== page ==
If it seems that you have to stop at more red lights than usual on your morning commute, it is not your imagination. There is a reason for that. It's because the traffic lights have not been retimed in five years. The Department of Public Works (DPW) in Richmond, Virginia has begun to change that.
Richmond tries to retime traffic lights every few years, or when funding is available for that project. The city transportation engineer Michael Sawyer explained that residential growth in neighborhoods like Scott's Addition, Manchester, and downtown has created a greater need for an update.
Sawyer also reminds people that plenty of Richmonders are still working from home. When they do go into the office, they're going in much later than they used to go before the pre-pandemic. Therefore, traffic lights timed for a 7-9 a.m. morning commute no longer need to accommodate the same number of vehicles. However, the 5 p.m. end-of-day traffic is back to pre-pandemic levels.
Retiming project of traffic lights
The Virginia Department of Transportation, the Richmond Regional Planning Organization, and the Federal Highway Administration are participating in the $1.765 million project. According to DPW, each traffic corridor will take several weeks to finalize a traffic pattern that is appropriate for vehicles traveling in all directions.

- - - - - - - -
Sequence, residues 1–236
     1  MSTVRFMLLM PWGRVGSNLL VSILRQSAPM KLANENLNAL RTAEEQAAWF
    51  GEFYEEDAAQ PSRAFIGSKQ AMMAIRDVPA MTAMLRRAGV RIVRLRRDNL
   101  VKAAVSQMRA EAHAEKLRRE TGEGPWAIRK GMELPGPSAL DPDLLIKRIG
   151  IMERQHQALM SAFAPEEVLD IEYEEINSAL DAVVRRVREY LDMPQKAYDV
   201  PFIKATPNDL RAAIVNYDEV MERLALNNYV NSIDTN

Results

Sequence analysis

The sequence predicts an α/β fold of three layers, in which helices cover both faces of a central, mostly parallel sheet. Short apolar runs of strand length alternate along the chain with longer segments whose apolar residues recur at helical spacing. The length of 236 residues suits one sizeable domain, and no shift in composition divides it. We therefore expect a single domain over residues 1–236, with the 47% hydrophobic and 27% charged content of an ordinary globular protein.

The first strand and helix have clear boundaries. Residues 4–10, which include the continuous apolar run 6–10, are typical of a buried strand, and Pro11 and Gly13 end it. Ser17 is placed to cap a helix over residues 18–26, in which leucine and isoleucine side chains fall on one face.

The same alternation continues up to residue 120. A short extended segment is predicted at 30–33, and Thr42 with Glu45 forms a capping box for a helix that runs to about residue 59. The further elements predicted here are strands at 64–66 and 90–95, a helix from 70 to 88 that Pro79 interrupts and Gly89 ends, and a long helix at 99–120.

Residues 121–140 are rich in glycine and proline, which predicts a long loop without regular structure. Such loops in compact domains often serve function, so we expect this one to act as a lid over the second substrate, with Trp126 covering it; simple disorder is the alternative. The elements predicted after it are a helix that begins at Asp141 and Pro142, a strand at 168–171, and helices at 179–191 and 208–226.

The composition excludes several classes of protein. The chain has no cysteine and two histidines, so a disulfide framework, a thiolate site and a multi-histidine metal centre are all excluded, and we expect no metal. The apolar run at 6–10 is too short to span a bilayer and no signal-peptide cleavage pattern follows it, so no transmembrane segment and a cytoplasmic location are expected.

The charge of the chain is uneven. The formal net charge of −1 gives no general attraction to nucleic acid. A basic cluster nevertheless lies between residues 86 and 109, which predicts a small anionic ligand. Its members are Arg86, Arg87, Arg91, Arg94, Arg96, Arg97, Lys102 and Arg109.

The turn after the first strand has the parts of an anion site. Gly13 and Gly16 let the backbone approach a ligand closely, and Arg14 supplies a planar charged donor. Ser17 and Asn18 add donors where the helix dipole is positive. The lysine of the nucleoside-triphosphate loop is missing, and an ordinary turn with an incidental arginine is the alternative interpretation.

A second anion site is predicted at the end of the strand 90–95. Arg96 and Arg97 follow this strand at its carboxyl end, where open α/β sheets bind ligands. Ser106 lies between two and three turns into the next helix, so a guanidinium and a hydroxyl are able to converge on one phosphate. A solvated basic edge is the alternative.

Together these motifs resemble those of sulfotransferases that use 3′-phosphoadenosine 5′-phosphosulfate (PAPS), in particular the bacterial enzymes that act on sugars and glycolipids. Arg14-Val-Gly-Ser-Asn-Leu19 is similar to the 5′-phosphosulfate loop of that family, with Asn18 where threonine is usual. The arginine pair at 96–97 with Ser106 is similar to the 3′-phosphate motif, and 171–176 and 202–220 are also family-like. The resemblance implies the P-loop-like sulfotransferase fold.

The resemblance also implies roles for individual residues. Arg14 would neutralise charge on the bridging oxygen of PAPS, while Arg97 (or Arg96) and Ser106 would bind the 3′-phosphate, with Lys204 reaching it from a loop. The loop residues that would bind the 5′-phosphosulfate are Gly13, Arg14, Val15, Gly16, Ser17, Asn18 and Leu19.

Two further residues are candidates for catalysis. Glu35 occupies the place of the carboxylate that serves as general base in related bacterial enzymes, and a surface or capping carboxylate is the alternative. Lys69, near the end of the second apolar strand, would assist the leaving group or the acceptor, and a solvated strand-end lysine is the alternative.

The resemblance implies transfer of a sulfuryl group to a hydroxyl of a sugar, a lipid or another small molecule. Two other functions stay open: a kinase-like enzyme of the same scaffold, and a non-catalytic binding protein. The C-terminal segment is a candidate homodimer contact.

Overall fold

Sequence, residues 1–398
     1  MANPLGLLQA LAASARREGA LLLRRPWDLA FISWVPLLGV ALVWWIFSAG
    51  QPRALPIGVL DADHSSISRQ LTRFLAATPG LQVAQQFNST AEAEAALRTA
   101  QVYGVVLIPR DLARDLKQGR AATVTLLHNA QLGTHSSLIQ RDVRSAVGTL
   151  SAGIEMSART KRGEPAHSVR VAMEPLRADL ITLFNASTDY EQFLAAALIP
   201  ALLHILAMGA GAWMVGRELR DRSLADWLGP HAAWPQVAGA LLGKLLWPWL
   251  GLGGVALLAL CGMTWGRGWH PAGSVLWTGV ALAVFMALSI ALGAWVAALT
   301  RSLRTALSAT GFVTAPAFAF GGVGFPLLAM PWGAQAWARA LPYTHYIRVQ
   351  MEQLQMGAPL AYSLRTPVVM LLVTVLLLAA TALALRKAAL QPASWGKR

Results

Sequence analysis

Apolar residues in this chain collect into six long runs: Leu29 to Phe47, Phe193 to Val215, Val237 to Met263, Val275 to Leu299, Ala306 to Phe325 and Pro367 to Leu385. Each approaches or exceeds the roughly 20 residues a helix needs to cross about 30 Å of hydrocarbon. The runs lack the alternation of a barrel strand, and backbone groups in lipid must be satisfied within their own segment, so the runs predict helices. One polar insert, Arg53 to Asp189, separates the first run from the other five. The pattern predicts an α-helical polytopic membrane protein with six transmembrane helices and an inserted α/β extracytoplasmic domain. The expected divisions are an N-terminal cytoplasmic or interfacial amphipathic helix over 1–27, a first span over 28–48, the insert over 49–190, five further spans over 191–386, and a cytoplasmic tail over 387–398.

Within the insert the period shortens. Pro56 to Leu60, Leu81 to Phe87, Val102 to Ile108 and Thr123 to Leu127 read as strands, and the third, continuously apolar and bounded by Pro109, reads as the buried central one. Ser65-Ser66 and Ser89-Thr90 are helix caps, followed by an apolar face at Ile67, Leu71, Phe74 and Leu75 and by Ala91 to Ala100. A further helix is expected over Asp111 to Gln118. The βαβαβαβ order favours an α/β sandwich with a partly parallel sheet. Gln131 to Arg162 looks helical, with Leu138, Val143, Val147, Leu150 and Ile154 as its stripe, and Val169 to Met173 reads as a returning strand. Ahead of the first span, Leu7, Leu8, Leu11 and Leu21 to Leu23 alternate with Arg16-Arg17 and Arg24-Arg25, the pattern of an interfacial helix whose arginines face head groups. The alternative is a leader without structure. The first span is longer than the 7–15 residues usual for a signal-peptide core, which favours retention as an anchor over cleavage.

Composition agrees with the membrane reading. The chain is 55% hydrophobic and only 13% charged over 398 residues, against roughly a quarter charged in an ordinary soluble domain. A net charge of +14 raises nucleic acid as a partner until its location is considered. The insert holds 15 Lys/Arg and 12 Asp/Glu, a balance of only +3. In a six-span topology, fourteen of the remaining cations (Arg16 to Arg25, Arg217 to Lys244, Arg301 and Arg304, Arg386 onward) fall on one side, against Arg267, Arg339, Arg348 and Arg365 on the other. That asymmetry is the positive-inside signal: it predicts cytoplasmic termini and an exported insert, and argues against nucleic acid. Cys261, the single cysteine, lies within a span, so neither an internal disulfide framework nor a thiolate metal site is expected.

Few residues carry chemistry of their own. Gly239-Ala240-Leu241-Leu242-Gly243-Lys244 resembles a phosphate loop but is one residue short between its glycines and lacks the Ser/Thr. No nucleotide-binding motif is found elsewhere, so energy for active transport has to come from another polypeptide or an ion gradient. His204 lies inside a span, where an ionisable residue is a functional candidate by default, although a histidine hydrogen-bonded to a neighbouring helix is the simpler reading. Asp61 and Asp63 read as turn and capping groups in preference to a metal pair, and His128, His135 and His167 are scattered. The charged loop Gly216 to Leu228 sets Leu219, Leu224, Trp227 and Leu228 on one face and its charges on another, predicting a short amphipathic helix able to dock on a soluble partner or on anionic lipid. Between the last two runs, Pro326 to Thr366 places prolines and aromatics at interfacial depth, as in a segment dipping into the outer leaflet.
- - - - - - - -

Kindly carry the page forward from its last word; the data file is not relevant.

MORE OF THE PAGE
Why the project is needed
There will be several results of retiming the city's traffic lights. Getting cars around quickly is important, but that isn't the main goal when it comes to retiming Richmond's traffic lights. Sawyer cited the following goals:
- The retiming is expected to improve safety for drivers.
- The retiming is expected to improve safety for pedestrians
- The project will reduce emissions.
- The project will improve traffic flow across the city.
The project is funded by a $1.8 million federal grant.
Number of traffic lights in Richmond, Virginia
Richmond has 480 intersections with traffic lights across the city. Of those, 400 of them, 115 south of the James River and 285 north of the James, will be retimed. The project started on March 10, 2023, and is expected to be completed by next spring. Most of the retiming is done remotely from the city's Traffic Control Center in City Hall, where 95% of the lights are managed.
Warning for motorists
A spokesperson for DPW warns motorists:
“All transportation users are encouraged to slow down, pay attention and stay alert as they become accustomed to the new traffic patterns.”
Comments / 2